Like a number of Man Ray’s objects, New York has been known under several titles: Ball Bearings, Roulement Habile (or Easy Rolling), and Export Commodity. The original object – subsequently destroyed - was made in New York in 1920 and consisted of a jar of olives in oil, in which Man Ray had replaced the olives with steel balls. The jar was labelled ‘New York’, perhaps because the upright shape evoked a skyscraper in miniature. In any event, Man Ray chose to take the object with him to France in 1920, where he told a customs officer that the jar would give him the illusion of having something to eat, should he encounter hard times.
This was an early object, made during the height of Man Ray’s involvement in the New York dada movement. Its play with olives/ball bearings was a visual and material equivalent for the substitutions common in jokes and metaphors, and was an example of how a three-dimensional object could engage with a free play of ideas and associations, previously considered to be largely the province of words. Its surprising, and inherently fragile, combination of heavy steel balls and thin glass anticipated the surprise factor associated with the slightly later object by Marcel Duchamp (1887-1968), Why Not Sneeze Rose Sélavy?, 1921 (Tate T07508), a birdcage filled with marble cubes that surprises anyone lifting the cage as the cubes weigh so much more than the sugar cubes they resemble.
This version of New York is one of three artist’s examples aside from the edition of nine, published by Studio Marconi, Milan, and from a number of trial proofs. Other artist’s examples were retained by Man Ray himself and by the dealer Luciano Anselmino. At the time of making the new edition of the object, Man Ray chose to revert to the piece’s original title. Lucien Treillard, Man Ray’s assistant in the period, has recalled that arranged for a laboratory that prepared chemical vessels for the Université de Jussieu to make the glass tubes for the edition. He no longer recalls from where he obtained the industrial steel ball bearings which have a slight oil film to protect them from rusting. Under the artist’s direction, Treillard prepared the objects for Man Ray who inscribed and signed the linen tape label.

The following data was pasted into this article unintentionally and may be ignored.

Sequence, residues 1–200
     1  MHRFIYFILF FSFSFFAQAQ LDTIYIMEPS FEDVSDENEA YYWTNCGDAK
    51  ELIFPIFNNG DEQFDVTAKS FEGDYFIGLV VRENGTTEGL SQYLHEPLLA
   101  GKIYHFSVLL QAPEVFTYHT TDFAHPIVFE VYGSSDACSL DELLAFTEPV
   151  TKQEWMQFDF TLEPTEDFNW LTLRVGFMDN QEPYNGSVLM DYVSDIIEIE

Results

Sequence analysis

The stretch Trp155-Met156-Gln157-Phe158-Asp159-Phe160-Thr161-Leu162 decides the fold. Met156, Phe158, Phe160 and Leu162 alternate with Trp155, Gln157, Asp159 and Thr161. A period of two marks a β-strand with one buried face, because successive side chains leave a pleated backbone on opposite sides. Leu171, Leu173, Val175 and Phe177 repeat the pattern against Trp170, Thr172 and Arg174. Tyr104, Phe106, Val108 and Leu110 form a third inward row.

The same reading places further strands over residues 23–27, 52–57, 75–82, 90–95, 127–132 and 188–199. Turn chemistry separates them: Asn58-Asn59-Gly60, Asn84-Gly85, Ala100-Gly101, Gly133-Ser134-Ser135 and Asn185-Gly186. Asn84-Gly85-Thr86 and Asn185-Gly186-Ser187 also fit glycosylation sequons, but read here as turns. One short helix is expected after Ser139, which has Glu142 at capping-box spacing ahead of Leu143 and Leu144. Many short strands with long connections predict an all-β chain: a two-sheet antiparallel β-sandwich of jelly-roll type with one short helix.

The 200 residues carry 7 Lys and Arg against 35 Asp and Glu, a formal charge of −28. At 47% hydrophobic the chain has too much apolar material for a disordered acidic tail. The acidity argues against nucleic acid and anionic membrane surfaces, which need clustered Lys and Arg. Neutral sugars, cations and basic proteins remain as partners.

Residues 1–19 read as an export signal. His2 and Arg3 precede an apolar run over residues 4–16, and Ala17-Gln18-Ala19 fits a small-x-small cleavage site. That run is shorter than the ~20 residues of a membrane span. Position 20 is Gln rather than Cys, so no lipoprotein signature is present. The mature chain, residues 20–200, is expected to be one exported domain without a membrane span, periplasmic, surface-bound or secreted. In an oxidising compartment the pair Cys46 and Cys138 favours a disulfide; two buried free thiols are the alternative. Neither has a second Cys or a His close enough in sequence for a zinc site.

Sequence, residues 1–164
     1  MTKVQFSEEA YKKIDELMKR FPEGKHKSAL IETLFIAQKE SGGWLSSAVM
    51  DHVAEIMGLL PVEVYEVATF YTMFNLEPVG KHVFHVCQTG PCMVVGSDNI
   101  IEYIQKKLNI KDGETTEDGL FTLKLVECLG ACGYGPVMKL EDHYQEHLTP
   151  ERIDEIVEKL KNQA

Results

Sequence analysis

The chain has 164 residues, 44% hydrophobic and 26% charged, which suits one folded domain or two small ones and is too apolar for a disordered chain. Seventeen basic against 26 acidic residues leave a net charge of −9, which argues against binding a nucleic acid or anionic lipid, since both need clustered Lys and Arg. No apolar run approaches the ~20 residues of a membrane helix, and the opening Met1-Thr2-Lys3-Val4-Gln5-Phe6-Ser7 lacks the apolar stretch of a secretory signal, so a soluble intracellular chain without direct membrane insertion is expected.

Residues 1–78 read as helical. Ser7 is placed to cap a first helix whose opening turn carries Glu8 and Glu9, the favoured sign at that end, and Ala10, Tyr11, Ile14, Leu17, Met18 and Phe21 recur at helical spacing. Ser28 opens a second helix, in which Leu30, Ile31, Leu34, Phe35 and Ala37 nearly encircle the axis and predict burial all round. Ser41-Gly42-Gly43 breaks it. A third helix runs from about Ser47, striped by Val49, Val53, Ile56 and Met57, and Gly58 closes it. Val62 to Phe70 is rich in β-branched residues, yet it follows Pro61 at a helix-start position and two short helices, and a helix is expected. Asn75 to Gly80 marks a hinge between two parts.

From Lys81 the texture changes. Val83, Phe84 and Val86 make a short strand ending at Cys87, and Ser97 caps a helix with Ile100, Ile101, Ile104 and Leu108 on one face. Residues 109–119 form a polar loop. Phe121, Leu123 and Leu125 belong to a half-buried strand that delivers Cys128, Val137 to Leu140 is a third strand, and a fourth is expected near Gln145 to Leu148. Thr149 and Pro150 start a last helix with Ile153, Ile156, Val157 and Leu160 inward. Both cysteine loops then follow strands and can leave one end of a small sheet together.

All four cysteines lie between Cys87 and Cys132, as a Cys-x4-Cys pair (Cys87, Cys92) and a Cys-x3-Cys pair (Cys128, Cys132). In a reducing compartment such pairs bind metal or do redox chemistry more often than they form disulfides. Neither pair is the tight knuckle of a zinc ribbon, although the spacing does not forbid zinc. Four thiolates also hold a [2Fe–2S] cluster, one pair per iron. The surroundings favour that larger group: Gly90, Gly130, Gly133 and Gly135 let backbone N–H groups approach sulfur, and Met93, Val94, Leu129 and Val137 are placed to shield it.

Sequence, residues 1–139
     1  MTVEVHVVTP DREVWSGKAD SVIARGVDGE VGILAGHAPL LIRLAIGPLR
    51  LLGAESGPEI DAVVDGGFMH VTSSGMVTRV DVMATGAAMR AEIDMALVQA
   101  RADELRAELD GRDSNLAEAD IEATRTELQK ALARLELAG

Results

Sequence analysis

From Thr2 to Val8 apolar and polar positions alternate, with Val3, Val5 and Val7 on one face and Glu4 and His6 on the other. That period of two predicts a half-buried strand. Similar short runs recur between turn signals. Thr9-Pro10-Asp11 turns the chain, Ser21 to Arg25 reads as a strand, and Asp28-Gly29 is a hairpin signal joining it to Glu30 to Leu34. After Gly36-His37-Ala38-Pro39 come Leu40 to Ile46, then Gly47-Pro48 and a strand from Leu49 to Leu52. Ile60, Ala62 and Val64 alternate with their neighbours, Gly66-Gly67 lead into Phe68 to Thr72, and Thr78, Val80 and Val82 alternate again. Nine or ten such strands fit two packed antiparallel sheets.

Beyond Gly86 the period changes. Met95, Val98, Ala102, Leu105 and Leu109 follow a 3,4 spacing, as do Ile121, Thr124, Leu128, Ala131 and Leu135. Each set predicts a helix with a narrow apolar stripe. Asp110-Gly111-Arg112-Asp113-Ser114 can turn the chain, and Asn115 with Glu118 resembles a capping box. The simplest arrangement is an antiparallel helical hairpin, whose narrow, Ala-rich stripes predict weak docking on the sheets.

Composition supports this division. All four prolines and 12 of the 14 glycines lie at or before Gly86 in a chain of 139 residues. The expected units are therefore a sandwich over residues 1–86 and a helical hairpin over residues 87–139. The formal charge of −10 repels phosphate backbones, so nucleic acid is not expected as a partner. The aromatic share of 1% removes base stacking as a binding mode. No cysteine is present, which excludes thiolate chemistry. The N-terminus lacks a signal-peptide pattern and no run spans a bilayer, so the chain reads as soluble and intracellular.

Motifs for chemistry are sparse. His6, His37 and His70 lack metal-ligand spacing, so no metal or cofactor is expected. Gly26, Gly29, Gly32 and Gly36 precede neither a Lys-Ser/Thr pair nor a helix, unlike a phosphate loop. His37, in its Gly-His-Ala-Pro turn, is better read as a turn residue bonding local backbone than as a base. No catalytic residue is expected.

Despite Man Ray’s status as one of the pioneering figures of interwar art, his objects are not particularly widely known. This is largely due to his greater fame as a photographer; but it is also in part due to the complex history of many of his objects. A number of the earliest works were lost or accidentally destroyed (the same is true of many of the early classic objects by his friend Marcel Duchamp). Others are known primarily as photographs reproduced in surrealist magazines and their status as objects has been obscured by the celebrity of the photographic images. In fact, Man Ray sometimes made objects in order to photograph them, and then discarded them, or reused them in other ways. He also remade some works, thereby creating new originals, and when, in the 1960s and 1970s, there was a greater commercial interest in the objects, he, like Duchamp, arranged for some of his objects to be produced in editions.
In addition to New York, Tate owns a number of other objects by Man Ray. These are L’Enigme d’Isidore Ducasse, 1920, remade 1972 (Tate T07957), Cadeau, 1921, editioned replica 1972 (Tate T07883), Indestructible Object, 1922-3, remade 1933, editioned replica 1965 (Tate T07614), Emak Bakia, 1926, remade 1970 (Tate T07959), Ce qui manque à nous tous, 1927, editioned replica 1962 (Tate T07960), and The Lovers, 1933, editioned replica 1973 (Tate T07958).
Man Ray: Objets de mon affection, Paris 1983, p.139 number 7, reproduced p.34.